By Annette Hinkle
The world of opera is full of drama and angst, both on stage and off, and much of that turmoil finds its way onto the Bay Street stage in “The Forgotten Woman,” Jonathan Tolins insightfully endearing play which is currently enjoying its world premiere at the theater.
Set in the Chicago hotel suite of rising opera star Margaret Meier (Ashlie Atkinson), “The Forgotten Woman” deals with issues of expectation and disappointment, ego, love and self-image in a society that values the thin and the beautiful.
It’s also about the cultivation of a fading art form struggling to stay relevant in a world that has largely lost interest. But if you’re one of those who think opera has no place in this digital age, think again. This smart and cleverly constructed play — in truth, an opera outside an opera — proves that though times may change, human nature never does.
Entering Margaret’s hotel room early in the action is Steve Powell (Darren Goldstein), a Chicago newspaper reporter who’s there to do a profile on Margaret’s upcoming role in Richard Strauss’ “Ariadne auf Naxos,” an opera about a lonely woman forced to live in exile on an isolated island.
Margaret is that lonely woman — on stage and off — and orchestrating her every move is her manager, Erick (Mark Junek), and her composer/husband Rudolph (Robert Stanton). Margaret is obviously a commodity and the two work hard to keep her focused and shielded from criticisms of the wider world, particularly where her fluxuating weight is concerned, which has been a source of public debate. Though initially their actions seem well intentioned, in fact, both Erick and Rudy have ulterior motives for keeping Margaret literally fat and happy — respective job security. For that reason, also flitting in and out of the room is a chatty bellhop, Jordan (Justin Mark), who has been instructed to ensure that plenty of fattening foods are on hand for her at all times.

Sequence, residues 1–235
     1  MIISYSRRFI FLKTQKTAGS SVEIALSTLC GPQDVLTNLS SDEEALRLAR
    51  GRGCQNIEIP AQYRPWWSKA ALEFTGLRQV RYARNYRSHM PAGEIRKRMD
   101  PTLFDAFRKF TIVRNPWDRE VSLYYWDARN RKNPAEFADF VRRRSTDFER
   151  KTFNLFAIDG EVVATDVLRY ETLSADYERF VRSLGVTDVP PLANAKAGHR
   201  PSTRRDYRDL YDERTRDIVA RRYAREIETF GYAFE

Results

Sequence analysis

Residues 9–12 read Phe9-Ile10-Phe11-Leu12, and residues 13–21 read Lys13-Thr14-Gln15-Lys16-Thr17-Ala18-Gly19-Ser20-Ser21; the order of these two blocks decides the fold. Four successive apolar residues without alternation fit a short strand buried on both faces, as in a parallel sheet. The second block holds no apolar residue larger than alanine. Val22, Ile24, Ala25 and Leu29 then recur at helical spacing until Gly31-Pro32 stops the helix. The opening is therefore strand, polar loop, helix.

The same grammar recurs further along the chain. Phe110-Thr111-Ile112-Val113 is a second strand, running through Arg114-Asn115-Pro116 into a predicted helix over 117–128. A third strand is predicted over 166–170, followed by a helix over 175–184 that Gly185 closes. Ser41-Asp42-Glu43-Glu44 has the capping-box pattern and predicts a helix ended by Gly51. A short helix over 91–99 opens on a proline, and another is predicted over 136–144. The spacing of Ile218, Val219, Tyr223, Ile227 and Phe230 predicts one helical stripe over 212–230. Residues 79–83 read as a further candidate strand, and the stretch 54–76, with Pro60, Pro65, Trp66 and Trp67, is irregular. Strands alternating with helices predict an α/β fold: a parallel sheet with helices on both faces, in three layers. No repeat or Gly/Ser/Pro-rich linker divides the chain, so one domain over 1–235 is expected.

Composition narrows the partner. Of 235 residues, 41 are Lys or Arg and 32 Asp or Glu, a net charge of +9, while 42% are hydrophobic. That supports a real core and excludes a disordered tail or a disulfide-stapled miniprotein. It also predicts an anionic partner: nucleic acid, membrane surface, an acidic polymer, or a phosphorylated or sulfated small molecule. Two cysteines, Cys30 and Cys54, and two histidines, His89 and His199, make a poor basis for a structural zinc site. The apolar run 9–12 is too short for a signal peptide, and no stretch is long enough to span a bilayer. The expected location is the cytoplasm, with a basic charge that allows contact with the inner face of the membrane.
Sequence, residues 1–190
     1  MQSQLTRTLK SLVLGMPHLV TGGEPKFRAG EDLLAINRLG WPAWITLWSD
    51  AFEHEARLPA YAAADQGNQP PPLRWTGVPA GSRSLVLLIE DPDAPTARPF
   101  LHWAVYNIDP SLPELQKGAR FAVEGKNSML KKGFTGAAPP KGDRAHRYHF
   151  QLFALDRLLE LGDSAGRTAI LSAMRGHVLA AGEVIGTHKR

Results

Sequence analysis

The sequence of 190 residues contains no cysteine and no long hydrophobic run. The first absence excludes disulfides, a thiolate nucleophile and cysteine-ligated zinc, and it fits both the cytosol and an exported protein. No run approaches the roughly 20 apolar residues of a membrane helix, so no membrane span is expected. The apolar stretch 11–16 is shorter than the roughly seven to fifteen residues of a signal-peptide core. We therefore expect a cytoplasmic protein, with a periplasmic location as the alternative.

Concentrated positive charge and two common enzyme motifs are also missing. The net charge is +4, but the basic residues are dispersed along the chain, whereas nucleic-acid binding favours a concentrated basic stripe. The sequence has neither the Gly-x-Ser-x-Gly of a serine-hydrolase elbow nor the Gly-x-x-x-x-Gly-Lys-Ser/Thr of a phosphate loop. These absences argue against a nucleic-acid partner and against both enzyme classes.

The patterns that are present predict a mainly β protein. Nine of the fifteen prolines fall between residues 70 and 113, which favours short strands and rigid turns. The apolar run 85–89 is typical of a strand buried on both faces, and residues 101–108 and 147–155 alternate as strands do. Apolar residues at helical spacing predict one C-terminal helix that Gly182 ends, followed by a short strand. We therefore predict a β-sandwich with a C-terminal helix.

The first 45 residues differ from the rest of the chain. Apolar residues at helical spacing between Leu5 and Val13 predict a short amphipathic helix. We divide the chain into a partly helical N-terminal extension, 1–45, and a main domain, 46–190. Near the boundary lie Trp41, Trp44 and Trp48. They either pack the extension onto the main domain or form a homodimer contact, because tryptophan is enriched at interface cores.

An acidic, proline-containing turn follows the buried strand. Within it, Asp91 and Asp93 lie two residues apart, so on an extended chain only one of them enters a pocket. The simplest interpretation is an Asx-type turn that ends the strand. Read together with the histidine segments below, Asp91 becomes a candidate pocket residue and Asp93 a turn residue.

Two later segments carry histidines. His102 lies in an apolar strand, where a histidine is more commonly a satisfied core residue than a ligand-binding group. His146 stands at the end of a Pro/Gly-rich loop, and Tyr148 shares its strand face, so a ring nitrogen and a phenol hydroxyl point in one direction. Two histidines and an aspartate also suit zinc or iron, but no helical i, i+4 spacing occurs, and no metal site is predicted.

Steve’s appearance on the scene threatens to upend it all in short order. Both Erick and Rudy are wary of his presence, especially after Steve admits that Oprah, not opera, is his regular beat. Lightweight celebrity profiles are his usual fare and he’s just filling in for the paper’s ailing music critic, which leads Erick and Rudy to fear his will be a hatchet piece on Margaret.
But Steve has ulterior motives of his own for doing this interview. It turns out he and Margaret are old high school chums and he understands her in ways the other men in her life do not, leading Margaret to envision the kinds of scenarios that can plague those in their middle years and middle careers. Among them, how do choices we make early on in life play out down the road? What happens when a second chance appears long after we thought such things were possible?
Playwright Jonathan Tolins has written a brilliantly astute piece that weaves real life issues into the operatic realm without ever being preachy or farcical. Beyond understanding the human condition that leaves us questioning our place in the world and coping with feelings of inadequacy, this playwright obviously knows and respects opera as an art form and pays homage to it without ever turning it into mockery. Yes, there is a good deal of “inside baseball” here as characters reference impossible to pronounce operatic names and arias that few in the audience may be familiar with, but Mr. Tolins has structured his play in such a way that it’s all done for Steve’s benefit, and his ignorance of opera is our own. Even those without an ounce of operatic knowledge will at least come to appreciate it as an art form.